Don't invest unless you're prepared to lose all the money you invest. This is a high-risk investment and you are unlikely to be protected if something goes wrong.
Risk Summary

Estimated reading time: 2 min

Due to the potential for losses, the Financial Conduct Authority (FCA) considers this investment to be high risk.

What are the key risks?

  • You could lose all the money you invest
  • Most investments are shares in start-up businesses or bonds issued by them. Investors in these shares or bonds often lose 100% of the money they invested, as most start-up businesses fail.
  • Checks on the businesses you are investing in, such as how well they are expected to perform, may not have been carried out by the platform you are investing through. You should do your own research before investing.

You won't get your money back quickly

  • Even if the business you invest in is successful, it will likely take several years to get your money back.
  • The most likely way to get your money back is if the business is bought by another business or lists its shares on an exchange such as the London Stock Exchange. These events are not common.
  • Start-up businesses very rarely pay you back through dividends. You should not expect to get your money back this way.
  • Some platforms may give you the opportunity to sell your investment early through a 'secondary market' or 'bulletin board', but there is no guarantee you will find a buyer at the price you are willing to sell.

Don't put all your eggs in one basket

  • Putting all your money into a single business or type of investment for example, is risky. Spreading your money across different investments makes you less dependent on any one to do well. A good rule of thumb is not to invest more than 10% of your money in high-risk investments. Learn more here.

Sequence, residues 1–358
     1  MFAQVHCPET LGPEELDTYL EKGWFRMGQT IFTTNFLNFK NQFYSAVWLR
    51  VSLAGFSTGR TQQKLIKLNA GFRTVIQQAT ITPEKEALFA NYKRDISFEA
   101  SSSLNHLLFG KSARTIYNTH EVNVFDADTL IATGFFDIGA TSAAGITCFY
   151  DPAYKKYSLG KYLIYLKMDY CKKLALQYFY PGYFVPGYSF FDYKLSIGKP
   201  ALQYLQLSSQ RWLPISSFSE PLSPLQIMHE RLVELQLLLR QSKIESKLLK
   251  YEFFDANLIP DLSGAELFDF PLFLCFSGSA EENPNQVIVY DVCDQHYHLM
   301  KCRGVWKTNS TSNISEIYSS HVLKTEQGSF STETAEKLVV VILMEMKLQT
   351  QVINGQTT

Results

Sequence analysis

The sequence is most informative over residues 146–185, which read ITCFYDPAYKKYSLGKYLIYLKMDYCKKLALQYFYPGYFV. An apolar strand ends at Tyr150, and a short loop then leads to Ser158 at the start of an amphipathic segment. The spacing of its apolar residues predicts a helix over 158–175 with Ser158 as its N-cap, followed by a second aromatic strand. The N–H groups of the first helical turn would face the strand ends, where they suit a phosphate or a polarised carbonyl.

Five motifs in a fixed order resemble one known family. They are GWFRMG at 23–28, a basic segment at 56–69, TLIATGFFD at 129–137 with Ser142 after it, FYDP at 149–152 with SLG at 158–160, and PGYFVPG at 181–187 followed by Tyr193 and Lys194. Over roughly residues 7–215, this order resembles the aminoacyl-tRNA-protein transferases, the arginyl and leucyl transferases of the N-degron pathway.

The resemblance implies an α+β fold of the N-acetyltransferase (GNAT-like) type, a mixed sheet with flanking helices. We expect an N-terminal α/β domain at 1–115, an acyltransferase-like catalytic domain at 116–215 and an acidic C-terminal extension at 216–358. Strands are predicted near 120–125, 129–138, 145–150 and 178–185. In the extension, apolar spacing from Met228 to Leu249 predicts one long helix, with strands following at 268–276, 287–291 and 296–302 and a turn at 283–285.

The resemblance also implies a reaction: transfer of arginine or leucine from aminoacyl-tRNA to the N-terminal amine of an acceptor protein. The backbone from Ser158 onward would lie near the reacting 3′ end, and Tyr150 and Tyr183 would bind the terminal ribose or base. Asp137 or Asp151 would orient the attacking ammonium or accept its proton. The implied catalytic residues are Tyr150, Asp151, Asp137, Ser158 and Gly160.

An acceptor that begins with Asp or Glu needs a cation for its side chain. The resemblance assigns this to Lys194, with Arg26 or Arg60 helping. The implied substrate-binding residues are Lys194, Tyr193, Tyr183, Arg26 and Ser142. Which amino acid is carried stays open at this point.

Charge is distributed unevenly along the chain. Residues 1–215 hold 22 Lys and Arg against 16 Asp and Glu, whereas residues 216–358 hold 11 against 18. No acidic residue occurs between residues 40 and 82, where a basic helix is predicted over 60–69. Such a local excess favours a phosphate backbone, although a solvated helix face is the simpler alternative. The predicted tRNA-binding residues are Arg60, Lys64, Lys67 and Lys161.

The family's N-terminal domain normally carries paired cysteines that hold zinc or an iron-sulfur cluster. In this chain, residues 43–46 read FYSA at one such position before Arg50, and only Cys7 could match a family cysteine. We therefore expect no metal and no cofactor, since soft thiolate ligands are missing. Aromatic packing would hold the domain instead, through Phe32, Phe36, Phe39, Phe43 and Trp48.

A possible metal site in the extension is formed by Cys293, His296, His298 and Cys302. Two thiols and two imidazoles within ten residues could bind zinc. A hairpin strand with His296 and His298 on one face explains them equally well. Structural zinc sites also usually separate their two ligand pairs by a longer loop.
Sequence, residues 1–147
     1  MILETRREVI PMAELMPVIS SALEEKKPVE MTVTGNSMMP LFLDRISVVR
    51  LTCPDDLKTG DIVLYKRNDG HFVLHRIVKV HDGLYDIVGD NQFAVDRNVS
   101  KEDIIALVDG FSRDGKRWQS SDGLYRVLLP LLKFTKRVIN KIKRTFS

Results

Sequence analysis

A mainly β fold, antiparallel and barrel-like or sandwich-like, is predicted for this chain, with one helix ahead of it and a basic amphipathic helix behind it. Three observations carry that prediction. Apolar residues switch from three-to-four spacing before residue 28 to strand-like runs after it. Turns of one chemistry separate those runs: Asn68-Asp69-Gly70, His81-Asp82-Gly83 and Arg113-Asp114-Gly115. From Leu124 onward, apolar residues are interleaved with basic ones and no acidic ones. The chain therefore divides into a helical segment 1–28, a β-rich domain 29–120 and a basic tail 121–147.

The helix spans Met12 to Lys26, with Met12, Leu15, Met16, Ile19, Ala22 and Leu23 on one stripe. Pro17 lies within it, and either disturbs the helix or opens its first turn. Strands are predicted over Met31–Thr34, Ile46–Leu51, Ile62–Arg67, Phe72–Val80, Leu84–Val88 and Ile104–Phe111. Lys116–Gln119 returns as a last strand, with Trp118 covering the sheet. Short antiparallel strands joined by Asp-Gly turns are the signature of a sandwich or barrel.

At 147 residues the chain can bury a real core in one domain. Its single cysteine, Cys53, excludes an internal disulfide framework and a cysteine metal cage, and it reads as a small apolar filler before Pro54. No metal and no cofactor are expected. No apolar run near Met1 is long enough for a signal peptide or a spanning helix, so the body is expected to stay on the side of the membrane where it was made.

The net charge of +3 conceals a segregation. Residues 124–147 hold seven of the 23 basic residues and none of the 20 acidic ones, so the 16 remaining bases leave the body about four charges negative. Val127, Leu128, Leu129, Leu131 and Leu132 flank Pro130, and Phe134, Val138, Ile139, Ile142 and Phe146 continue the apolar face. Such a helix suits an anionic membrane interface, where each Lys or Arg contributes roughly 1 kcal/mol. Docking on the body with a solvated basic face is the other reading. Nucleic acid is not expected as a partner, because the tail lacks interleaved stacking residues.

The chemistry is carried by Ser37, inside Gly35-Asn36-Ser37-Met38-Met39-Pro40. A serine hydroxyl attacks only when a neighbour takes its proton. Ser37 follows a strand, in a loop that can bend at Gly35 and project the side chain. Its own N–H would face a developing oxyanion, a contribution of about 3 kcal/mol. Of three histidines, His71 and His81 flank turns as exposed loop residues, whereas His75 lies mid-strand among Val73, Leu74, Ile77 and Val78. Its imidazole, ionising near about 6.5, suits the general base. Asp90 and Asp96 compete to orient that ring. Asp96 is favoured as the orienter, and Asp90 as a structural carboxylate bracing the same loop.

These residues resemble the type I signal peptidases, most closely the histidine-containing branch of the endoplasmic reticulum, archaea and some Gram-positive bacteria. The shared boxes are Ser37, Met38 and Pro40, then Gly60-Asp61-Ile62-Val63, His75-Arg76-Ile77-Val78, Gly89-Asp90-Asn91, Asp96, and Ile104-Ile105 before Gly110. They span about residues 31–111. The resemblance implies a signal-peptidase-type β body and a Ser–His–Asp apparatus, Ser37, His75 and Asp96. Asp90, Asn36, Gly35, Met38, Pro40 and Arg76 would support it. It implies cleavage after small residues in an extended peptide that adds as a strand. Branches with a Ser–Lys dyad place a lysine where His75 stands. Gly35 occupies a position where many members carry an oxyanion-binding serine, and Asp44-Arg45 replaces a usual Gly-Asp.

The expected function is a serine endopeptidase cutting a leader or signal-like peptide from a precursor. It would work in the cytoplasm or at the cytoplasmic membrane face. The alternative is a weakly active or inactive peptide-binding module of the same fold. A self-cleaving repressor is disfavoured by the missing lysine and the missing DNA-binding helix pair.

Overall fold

The value of your investment can be reduced

  • If your investment is shares, the percentage of the business that you own will decrease if the business issues more shares. This could mean that the value of your investment reduces, depending on how much the business grows. Most start-up businesses issue multiple rounds of shares.
  • These new shares could have additional rights that your shares don't have, such as the right to receive a fixed dividend, which could further reduce your chances of getting a return on your investment.

You are unlikely to be protected if something goes wrong

  • Protection from the Financial Services Compensation Scheme (FSCS), in relation to claims against failed regulated firms, does not cover poor investment performance. Try the FSCS investment protection checker.
  • Protection from the Financial Ombudsman Service (FOS) does not cover poor investment performance. If you have a complaint against an FCA-regulated platform, FOS may be able to consider it. Learn more about FOS protection here.

If you are interested in learning more about how to protect yourself, visit the FCA's website here.

For further information about investment-based crowdfunding, visit the crowdfunding section of the FCA's website here.